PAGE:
Sen. Ted Stevens was found guilty of seven felony counts on Monday for failing to disclose gifts and services he’d received while in office. Despite the conviction, he pledged to continue his campaign for re-election. As a convicted felon, will Stevens be able to vote for himself next Tuesday?
Yes. Alaska law states that convicted felons are barred from voting if their crime is one of “moral turpitude,” which in Alaska includes a wide swath of illegal activities. “Receiving a bribe” is listed among them, although the state government set up a special review of the Stevens case. In a decision released Wednesday night, the Alaska Division of Elections announced that the senator’s crimes were, in fact, of moral turpitude but that a guilty verdict wasn’t enough to make him a convicted felon for purposes of voting. Until February, when he’s sentenced—and thus “convicted,” according to a more formal definition—he’ll be able to exercise his right to vote. (Stevens’ crimes of moral turpitude may also be grounds for disbarment in Alaska and the District of Columbia.)
Even if he weren’t allowed to vote, Stevens would still be able to continue his Senate campaign. There’s no law barring felons from the Senate, and he fits the only constitutional requirements for the position: He’s an Alaskan resident over the age of 30 and has been a U.S. citizen for more than nine years. State law does stipulate that a candidate for the Senate must be a registered voter—and thus not a felon who committed acts of moral turpitude—when he files for the office. But Stevens had not yet been found guilty when he filed.
Bonus Explainer: If Stevens wins re-election but is expelled by the Senate, can Gov. Sarah Palin appoint herself to his seat? No. In most states, when a Senate seat is vacated midterm, the governor of the state appoints someone to fill it. That was the case in Alaska until 2004, when public outrage over Gov. Frank Murkowski’s 2002 appointment of his daughter Lisa to his vacated Senate seat prompted accusations of nepotism and led to a ballot initiative requiring that special elections be held within 90 days. (Palin may still be able to make a temporary appointment within those three months.)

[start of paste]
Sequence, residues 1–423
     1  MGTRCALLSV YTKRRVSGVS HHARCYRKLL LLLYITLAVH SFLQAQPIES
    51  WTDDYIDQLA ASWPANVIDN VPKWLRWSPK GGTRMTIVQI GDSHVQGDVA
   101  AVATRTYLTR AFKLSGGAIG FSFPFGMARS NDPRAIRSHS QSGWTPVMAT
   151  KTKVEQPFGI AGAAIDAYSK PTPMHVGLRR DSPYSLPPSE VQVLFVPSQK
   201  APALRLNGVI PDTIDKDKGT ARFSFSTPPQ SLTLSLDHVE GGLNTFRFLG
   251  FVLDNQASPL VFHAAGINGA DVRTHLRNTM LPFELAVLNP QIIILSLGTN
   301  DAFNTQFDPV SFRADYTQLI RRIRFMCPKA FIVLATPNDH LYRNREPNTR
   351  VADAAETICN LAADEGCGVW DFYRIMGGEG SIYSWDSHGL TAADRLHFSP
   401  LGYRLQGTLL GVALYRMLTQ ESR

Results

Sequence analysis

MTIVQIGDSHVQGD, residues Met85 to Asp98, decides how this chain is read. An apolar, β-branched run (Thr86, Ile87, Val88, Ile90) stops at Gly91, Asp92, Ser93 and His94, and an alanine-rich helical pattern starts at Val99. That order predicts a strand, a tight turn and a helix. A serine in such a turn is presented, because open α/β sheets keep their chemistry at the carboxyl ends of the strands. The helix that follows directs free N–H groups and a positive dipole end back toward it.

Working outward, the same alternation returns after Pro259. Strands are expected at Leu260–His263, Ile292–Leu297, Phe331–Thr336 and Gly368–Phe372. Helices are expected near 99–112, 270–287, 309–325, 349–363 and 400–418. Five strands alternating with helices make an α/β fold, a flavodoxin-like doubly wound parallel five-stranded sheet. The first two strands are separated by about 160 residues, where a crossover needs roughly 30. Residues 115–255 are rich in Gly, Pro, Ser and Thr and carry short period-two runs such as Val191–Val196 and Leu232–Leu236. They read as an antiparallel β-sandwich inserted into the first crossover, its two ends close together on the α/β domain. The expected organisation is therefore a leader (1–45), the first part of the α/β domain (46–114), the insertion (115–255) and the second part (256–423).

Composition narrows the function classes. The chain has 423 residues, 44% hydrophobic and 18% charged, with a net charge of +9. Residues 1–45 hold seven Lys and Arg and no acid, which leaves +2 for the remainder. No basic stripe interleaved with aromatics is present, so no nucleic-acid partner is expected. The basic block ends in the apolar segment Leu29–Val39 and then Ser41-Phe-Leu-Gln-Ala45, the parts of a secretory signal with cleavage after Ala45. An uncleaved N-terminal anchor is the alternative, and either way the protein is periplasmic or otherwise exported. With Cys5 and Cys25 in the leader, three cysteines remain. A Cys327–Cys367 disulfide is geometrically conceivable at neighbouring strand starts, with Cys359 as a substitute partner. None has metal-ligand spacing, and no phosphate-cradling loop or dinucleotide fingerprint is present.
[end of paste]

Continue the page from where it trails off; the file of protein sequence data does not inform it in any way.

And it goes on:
In general, governors aren’t allowed to pick themselves to fill a vacant Senate seat. Some, however, have tried to get around that constraint by resigning from office and then letting a newly bumped-up lieutenant governor appoint them instead. Those who do this are rarely re-elected: One exception was “Happy” Chandler of Kentucky, who had himself appointed in the 1930s.
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Explainer thanks Jack Chenoweth of the State of Alaska Legislative Affairs Agency, Gail Fenumiai of the Alaska Division of Elections, Steven F. Huefner of Ohio State University, and Don Ritchie of the U.S. Senate Historical Office.